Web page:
Eco-Innovation Tools for the Early Stages: An Industry-Based Investigation of Tool Customisation and Introduction

  • Jamie O'Hare

Student thesis: Doctoral ThesisPhD


The challenge of transitioning to an environmentally sustainable system of production and consumption is both a major risk and a significant opportunity for companies involved in the design and manufacture of products. One approach that might assist companies in meeting this challenge is ‘eco-innovation’, which aims to deliver new products and processes that provide customer and business value but significantly decrease environmental impacts. The aim of the research was to understand how eco-innovation tools can be developed and introduced to a company such that they are adopted into the long-term practices of the company and contribute to the development of eco-innovative products. A ‘toolbox for eco-innovation’ was developed by adapting existing innovation tools for the purposes of eco-innovation. The initial toolbox was tested through in-house trials before subsequent trials in industry with a refined suite of tools. One-day workshops were held with six producers of electrical and electronic equipment. Four of these companies went on to participate in more in-depth tool introduction studies in which the tools were customised to the specific needs of the company and its design team. Formal tool feedback sessions and individual interviews with members of the design team were used to asses the effectiveness of the tool customisations. The organisational drivers and barriers for the long-term adoption of eco-innovation tools were also investigated. The contributions to knowledge of this research are: The development of a toolbox for eco-innovation.The validation of tool customisation as an approach to improving the introduction of eco-innovation tools.The definition of a generic process for tool introduction based on tool customisation which is appropriate for workshop-based design and innovation tools (including eco-innovation tools).Insights into the organisational drivers and barriers for the long-term adoption of eco-innovation tools.A model for the management of eco-innovation activities.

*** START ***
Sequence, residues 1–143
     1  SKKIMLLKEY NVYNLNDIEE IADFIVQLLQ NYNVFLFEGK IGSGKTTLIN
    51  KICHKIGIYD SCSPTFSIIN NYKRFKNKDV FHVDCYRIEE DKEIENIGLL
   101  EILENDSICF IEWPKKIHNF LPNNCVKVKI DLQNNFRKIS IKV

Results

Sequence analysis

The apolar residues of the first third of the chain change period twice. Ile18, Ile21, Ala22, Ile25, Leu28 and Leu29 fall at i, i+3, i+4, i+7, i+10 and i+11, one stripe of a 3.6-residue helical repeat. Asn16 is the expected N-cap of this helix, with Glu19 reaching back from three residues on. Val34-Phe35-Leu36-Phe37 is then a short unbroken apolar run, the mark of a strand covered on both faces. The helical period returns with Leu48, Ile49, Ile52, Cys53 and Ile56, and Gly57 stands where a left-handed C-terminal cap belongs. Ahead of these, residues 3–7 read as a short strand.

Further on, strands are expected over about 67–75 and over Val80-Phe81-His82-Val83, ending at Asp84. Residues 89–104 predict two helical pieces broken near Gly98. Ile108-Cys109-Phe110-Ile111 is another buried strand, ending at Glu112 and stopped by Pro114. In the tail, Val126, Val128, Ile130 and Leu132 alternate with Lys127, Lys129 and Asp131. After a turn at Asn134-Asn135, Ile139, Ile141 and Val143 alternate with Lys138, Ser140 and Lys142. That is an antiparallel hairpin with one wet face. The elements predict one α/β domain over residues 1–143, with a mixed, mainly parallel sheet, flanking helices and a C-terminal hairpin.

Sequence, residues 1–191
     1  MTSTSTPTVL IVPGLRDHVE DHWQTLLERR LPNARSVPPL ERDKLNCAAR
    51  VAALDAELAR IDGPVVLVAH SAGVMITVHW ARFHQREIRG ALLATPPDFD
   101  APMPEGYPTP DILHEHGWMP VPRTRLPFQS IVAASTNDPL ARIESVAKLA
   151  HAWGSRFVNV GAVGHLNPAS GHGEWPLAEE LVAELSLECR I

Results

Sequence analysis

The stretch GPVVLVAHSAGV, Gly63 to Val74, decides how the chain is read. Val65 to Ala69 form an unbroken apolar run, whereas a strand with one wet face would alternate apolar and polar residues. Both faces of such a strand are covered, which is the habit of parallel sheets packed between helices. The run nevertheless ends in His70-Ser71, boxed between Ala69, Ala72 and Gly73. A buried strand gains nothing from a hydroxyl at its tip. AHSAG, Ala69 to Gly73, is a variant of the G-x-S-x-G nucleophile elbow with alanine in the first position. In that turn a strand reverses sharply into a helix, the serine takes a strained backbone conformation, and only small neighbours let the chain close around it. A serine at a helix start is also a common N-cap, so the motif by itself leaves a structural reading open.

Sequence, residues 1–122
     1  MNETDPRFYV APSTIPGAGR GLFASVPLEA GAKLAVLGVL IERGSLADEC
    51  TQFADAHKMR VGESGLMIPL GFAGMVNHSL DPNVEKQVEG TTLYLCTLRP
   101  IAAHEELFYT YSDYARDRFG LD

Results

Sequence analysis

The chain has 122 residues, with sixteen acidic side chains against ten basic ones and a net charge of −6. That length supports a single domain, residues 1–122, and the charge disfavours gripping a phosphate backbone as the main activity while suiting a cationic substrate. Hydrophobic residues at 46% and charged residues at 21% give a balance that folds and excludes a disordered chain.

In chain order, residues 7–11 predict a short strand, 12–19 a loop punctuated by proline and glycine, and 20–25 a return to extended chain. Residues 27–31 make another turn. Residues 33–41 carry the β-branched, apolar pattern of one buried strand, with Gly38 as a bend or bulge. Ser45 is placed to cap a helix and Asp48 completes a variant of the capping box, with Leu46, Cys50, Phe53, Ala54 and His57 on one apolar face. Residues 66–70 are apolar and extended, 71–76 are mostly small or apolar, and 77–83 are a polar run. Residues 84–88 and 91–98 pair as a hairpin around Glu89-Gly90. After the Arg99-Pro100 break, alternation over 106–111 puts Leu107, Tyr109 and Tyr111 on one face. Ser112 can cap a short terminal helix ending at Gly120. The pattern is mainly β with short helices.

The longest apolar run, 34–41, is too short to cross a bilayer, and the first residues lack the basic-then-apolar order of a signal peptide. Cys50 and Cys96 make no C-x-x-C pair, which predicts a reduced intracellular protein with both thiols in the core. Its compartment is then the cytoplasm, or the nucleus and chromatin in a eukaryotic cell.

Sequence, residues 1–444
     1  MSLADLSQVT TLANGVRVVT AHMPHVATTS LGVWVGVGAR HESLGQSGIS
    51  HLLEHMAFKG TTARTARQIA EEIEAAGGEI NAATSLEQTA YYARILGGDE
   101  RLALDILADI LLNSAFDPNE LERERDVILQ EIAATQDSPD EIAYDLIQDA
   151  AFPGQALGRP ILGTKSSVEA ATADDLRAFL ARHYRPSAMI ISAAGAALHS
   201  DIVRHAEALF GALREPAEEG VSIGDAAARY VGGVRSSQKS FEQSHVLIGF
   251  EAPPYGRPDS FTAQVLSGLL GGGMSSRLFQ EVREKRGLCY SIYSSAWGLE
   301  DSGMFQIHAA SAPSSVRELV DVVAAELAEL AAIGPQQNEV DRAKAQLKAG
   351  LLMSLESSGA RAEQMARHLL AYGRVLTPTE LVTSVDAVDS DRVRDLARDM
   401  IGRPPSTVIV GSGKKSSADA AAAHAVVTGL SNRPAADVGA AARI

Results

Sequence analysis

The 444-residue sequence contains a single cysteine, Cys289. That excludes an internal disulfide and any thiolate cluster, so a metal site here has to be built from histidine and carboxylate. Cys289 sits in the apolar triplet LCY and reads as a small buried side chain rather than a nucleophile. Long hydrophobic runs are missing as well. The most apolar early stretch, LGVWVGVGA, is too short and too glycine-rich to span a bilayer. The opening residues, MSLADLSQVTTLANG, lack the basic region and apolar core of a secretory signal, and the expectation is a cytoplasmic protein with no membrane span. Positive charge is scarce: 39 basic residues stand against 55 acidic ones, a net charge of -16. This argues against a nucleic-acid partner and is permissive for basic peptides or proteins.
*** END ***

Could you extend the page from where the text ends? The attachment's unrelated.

Date of Award1 Apr 2010
Original languageEnglish
Awarding Institution
  • University of Bath
SupervisorElies Dekoninck (Supervisor) & Christopher McMahon (Supervisor)


  • Eco-design
  • sustainable design
  • eco-innovation
  • engineering tool
  • environmental
  • adaption

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